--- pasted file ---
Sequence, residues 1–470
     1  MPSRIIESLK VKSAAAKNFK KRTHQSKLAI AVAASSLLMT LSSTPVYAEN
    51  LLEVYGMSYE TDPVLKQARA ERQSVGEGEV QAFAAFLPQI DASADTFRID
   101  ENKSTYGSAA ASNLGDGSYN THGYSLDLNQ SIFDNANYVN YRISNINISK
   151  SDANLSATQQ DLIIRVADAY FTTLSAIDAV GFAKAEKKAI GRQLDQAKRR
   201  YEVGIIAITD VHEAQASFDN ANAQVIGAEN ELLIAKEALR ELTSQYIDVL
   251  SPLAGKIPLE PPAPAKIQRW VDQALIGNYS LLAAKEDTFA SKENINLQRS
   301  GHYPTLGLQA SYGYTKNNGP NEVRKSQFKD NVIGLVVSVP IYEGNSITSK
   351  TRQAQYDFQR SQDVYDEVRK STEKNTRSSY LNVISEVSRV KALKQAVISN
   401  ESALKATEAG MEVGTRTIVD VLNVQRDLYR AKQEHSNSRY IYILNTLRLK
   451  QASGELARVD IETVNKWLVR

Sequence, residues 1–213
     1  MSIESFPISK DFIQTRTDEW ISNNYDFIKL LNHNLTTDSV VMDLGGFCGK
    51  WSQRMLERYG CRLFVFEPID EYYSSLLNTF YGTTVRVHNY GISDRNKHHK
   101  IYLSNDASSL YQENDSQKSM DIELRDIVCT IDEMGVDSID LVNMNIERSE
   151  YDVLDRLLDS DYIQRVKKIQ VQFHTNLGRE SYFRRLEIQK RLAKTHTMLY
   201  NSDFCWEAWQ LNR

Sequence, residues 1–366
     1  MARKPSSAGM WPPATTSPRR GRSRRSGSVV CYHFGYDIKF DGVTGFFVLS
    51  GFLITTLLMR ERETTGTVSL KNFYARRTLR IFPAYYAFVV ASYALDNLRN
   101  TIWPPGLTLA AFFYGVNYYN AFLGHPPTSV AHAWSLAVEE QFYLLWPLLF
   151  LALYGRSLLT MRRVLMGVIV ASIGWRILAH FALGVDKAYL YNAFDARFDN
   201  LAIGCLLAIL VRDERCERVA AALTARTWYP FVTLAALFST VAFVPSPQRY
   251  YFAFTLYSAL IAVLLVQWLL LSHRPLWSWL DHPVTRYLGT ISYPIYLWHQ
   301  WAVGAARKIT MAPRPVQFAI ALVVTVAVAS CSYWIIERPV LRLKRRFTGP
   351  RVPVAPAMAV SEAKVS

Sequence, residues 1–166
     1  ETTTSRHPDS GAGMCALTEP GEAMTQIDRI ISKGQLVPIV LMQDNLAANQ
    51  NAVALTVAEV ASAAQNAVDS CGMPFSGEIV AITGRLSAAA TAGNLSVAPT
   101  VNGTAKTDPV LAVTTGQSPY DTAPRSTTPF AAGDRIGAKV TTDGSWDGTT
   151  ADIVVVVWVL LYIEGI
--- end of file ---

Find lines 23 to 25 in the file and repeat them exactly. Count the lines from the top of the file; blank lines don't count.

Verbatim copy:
   201  LAIGCLLAIL VRDERCERVA AALTARTWYP FVTLAALFST VAFVPSPQRY
   251  YFAFTLYSAL IAVLLVQWLL LSHRPLWSWL DHPVTRYLGT ISYPIYLWHQ
   301  WAVGAARKIT MAPRPVQFAI ALVVTVAVAS CSYWIIERPV LRLKRRFTGP